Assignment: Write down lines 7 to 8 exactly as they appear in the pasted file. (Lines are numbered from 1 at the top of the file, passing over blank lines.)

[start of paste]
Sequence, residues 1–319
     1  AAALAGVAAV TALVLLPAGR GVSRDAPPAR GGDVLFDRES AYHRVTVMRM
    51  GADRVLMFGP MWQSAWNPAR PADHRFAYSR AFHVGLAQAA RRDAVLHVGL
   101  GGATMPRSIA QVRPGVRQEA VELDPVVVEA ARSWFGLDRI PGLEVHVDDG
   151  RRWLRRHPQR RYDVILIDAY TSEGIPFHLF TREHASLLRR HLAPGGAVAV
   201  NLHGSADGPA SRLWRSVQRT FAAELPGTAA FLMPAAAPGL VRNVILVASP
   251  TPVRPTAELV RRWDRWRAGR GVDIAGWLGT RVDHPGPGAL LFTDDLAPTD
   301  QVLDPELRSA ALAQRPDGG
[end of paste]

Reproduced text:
   251  TPVRPTAELV RRWDRWRAGR GVDIAGWLGT RVDHPGPGAL LFTDDLAPTD
   301  QVLDPELRSA ALAQRPDGG